“Kau gayut apa?!”
This was Malek’s iconic shout in “Melur vs Rajawali”.
This snippet from the film would occasionally appear as I scrolled through my social media feed, always guaranteeing a smile from me. I never really saw the entire film, but the shouting in the two minutes of that short scene purges me of the need to do the same.
Having lived through the scene portrayed in the film, I would feel the shout that I never uttered while at boarding school being verbalised into existence by Eric Fuzi. That anger, manifested by someone else, is enjoyable to watch because I relate to it – and so do many others.
Over the past few weeks, though, anger has appeared more frequently – not a theatrical or artistic portrayal, but a fully realised anger contained in the remarks and behaviour shown in shared media.
This is understandable given the rise in number of Covid-19 cases, which threatens the people with another bout of the movement control order or MCO. Political acts that result in disparity take the people closer to the brink of actualising a revolt which, however, only exists virtually. Still, to perceive life through the lens of the media is to encounter continuously surfacing remarks of anger and frustration.
Anger is not limited to media alone. It is spewed out so easily in conversation that to face individuals without a bit of anger in themselves is a peculiarity. It is entertaining to meet an acquaintance who threatens to spit on the face of the antagonist of their narrative, or pretends nausea over the mention of names that have tarnished the landscape of their lives.
Like the burst of anger and the nagging portrayed in “Melur vs Rajawali”, the threat and the pretence of sickness seem theatrical – an antic for entertainment purposes. But they are in fact a symptom of the suppressed frustration that we all have within ourselves.
People’s anger will continue to exist as long as there is a source of frustration. Anger exists as a power to push us into making our frustration known.
When we are angry at political players acting against the best interest of the people, our anger signifies the frustration of the people with oppressive conditions. When we are angry at new movements falling short in providing a long-term, actionable direction, our anger signifies a hope that seems to be used as a commodity in political business.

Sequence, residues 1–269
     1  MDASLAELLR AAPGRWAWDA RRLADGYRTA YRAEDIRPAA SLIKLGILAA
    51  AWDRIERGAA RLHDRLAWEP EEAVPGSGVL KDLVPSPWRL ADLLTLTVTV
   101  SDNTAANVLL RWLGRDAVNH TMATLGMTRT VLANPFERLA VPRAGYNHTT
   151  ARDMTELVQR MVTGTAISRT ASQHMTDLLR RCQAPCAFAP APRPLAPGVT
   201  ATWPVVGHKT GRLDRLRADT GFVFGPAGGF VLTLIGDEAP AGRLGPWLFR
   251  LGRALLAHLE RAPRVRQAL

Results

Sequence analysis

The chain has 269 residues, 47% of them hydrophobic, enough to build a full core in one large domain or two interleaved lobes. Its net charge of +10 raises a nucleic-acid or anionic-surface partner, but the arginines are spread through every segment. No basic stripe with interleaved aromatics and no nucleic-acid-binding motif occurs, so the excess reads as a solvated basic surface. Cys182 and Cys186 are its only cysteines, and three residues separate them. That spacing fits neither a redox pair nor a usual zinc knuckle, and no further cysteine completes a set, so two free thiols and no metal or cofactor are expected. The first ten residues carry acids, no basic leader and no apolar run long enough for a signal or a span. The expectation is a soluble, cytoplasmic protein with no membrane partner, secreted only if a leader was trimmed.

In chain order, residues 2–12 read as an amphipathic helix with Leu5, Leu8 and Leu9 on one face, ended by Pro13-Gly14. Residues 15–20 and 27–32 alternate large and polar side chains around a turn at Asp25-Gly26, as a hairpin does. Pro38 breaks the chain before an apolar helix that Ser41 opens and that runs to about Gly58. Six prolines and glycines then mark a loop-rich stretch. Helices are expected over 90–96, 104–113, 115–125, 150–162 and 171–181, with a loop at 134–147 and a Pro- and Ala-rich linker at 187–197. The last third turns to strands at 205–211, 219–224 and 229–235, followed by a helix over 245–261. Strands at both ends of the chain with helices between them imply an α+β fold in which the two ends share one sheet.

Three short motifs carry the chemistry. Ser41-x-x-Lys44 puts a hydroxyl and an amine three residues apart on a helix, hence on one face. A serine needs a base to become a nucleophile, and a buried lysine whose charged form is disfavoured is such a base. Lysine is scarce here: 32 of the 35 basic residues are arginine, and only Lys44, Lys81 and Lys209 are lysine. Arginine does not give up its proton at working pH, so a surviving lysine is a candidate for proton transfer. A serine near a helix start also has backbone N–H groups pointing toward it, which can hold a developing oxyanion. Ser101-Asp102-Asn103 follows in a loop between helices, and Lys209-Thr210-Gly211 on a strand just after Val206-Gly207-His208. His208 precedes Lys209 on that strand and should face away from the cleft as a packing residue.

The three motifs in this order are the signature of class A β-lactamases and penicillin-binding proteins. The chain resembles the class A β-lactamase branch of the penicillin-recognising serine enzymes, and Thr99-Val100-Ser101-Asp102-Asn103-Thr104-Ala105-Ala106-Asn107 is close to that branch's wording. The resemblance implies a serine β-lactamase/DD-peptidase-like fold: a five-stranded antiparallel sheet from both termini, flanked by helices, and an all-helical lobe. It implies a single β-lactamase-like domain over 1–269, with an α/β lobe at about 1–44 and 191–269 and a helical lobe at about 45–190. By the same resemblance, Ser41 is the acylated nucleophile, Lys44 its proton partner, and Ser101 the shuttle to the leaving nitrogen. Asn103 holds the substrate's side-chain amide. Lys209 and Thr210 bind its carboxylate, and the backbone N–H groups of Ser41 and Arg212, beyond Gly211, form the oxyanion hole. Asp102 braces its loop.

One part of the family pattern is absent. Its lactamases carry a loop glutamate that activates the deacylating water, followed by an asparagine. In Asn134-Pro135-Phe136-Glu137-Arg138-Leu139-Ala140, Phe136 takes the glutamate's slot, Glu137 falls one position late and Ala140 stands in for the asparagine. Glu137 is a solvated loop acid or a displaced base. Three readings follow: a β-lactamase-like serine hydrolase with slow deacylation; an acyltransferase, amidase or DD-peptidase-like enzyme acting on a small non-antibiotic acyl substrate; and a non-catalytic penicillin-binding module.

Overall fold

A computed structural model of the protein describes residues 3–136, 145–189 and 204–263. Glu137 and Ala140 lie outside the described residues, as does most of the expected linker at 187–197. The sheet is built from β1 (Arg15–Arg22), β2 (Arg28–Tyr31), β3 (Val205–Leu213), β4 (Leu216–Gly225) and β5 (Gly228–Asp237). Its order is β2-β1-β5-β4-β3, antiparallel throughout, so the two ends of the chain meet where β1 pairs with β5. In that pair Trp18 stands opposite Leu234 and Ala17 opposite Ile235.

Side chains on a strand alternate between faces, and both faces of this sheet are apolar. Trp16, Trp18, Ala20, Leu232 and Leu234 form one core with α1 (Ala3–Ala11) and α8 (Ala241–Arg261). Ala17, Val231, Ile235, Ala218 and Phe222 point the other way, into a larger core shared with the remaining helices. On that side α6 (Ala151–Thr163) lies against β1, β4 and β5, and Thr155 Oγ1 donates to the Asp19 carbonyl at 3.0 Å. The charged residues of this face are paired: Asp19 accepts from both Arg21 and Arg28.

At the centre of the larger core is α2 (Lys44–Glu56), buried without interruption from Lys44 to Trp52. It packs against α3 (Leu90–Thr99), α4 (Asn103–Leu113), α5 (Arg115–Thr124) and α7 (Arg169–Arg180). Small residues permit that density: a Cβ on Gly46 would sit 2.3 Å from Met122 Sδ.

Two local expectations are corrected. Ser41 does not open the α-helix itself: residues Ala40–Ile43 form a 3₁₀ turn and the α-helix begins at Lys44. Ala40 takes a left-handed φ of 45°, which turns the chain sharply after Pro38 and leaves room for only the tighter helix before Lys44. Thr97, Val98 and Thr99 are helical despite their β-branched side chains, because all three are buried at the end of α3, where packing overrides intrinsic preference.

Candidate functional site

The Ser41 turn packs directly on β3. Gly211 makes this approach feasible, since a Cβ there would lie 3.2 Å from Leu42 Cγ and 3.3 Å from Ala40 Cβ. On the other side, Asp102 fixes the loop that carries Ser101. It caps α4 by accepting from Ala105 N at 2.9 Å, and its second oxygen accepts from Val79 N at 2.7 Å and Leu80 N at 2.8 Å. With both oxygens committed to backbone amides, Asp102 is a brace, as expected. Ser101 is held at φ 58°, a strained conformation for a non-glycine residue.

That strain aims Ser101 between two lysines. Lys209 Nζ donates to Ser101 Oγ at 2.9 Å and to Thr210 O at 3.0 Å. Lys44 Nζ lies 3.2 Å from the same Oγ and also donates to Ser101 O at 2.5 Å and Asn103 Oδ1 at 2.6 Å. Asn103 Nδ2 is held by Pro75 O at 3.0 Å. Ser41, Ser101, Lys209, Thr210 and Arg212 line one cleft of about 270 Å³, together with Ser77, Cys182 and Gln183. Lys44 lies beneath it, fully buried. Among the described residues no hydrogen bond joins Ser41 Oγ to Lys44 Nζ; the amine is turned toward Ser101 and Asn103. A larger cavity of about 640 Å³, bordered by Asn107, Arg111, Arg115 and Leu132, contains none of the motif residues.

But sometimes anger is out of sync with the need to exert frustration and is simply to be enjoyed as it is or as an instrument for gain. When MPs hold shouting matches during parliamentary conferences, I doubt the antics are sincerely out of concern for the people. When student activists call on individuals from the student representative committee, the question is whether it is a genuine fight for students stuck in college or simply a show of courage.
The reality we live in becomes more a portrayal than a life lived out. There is a fetishistic tendency for anger as a convenient crowd-collector in piecing together a collective consciousness against a common antagonist. Idolatrous figures are the champion in this method of usurping dominance. Genuine anger out of frustration is an effort towards an objective solution, but anger as an antic is a blister on the flesh of the nation.
We need to acknowledge the way we emote ourselves through anger, and how anger may persist as a means of social transaction. The manners in which we may not be angry are decisions relative to the causes of frustration.
We may choose to distract ourselves from the sources that manifest daily by actions that may be only a brief haven from the anger that will always be available in excess.
We could also opt to indulge in the anger until the source dissipates, following which we may direct the anger at something else.
Or we could try to understand ourselves in the way we become practical with our frustration and the conditions under which the frustration arose.
Our understanding may not do much to ease the burden of living with frustration, but it might help us reflect on the worthiness of the anger from ourselves and in our perceptions.
Until then, semoga kita terus berbakti.